How your phone could help you know when to change child's diaper
- Scientists from Penn State University have invented a diaper with a built-in sensor that sends a signal once it's wet.
- The researchers embedded the sensors between layers of the diaper.
Over the years, people have transitioned from washable diapers to disposable ones for different reasons, leading to the creation of multiple brands and sizes ranging from infant to adult diapers.
Parents can now receive an alert through their phones when a baby needs changing thanks to the invention of the smart diaper.
Scientists from Penn State University have invented a diaper with a built-in sensor that sends a signal once it's wet.
"The diaper is made out of paper that has been pre-treated with sodium chloride (salt) and has an outline of a circuit board on it that is traced over with a pencil to transfer graphite to the surface with a tiny lithium battery attached," Daily Mail UK says.
How It Works
The researchers embedded the sensors between layers of the diaper.
This way, when a baby wets it, the "graphite reacts with the liquid and sodium chloride and, as it’s absorbed by the paper, electrons will flow to the graphite to set off a sensor."
This signal is then transmitted to the caregiver's phone, detailing the degree of wetness. It makes it easier to determine whether the baby should be changed immediately.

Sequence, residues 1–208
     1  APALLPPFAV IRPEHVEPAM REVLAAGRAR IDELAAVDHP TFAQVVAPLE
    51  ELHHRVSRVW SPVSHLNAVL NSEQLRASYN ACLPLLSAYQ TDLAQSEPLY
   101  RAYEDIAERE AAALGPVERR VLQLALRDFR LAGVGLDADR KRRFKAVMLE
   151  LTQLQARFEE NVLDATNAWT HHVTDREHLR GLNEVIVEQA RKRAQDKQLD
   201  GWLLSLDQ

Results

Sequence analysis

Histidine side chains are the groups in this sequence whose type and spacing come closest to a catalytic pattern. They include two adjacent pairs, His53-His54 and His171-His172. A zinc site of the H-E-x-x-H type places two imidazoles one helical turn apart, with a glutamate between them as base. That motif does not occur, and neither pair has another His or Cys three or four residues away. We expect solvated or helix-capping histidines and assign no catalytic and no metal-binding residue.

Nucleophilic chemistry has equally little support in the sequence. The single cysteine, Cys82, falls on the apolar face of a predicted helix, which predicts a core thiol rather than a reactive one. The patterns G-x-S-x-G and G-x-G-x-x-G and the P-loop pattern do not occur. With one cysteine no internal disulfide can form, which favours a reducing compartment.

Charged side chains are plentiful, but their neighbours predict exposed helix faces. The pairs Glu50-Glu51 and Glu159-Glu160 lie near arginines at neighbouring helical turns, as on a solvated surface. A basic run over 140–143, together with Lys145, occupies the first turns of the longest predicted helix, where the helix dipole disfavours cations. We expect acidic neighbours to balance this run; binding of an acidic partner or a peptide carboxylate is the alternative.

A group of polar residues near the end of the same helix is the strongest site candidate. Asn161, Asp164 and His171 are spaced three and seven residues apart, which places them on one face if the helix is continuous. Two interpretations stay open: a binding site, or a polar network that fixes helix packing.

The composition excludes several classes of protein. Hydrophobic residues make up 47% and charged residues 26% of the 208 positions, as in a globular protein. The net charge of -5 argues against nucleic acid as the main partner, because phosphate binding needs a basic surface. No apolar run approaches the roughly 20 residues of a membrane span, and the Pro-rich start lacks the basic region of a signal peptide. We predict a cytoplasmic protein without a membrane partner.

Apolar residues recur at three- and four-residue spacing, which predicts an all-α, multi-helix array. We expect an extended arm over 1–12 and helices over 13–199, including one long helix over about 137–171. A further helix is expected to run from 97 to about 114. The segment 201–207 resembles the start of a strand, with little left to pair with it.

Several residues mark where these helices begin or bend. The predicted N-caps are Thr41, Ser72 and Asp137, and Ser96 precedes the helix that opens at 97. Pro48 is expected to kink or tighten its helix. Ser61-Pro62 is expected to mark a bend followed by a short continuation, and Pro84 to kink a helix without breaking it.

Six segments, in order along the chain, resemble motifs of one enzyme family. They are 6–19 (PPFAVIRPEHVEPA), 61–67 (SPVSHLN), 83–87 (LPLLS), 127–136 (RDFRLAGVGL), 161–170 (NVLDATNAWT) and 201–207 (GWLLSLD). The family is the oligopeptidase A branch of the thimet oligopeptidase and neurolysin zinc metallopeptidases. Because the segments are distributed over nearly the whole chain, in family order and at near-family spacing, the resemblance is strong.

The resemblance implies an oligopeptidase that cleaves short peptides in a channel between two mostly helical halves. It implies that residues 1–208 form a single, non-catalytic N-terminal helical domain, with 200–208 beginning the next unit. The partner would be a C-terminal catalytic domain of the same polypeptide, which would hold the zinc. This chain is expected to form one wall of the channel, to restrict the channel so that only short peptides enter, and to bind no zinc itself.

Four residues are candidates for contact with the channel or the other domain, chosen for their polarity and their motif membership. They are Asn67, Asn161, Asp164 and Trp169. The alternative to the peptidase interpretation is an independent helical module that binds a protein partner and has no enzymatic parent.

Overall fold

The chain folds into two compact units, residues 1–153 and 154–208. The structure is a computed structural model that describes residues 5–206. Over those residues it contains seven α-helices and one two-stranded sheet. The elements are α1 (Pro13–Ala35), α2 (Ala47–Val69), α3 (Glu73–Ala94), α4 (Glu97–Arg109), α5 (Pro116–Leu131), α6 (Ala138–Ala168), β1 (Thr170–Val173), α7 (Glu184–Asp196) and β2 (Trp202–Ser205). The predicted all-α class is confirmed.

Lead author Dr. Huanyu Cheng who is a father of two, says the challenges of babysitting whenever his spouse was not around led to birth of the smart diaper.
"There’s no easy way to know how wet is wet, and that information could be really valuable for parents," Dr. Cheng added.
While the smart diaper is helpful for children, it is of additional value to older people who rely on diapers such as the elderly.
Dr. Cheng said the smart diapers can be used in hospitals and nursing homes to give an overall alert about the user's health. Apparently, it can also help reveal health concerns such as cardiac arrest and Pneumonia.
"The sensor can provide data in the short-term, to alert for diaper changes, but also in the long-term, to show patterns that can inform parents about the overall health of their child."
The researchers also say that when the sensors were tested on face masks, they could determine breathing states- deep, regular and rapid- which could alert to certain risks including heart attack.
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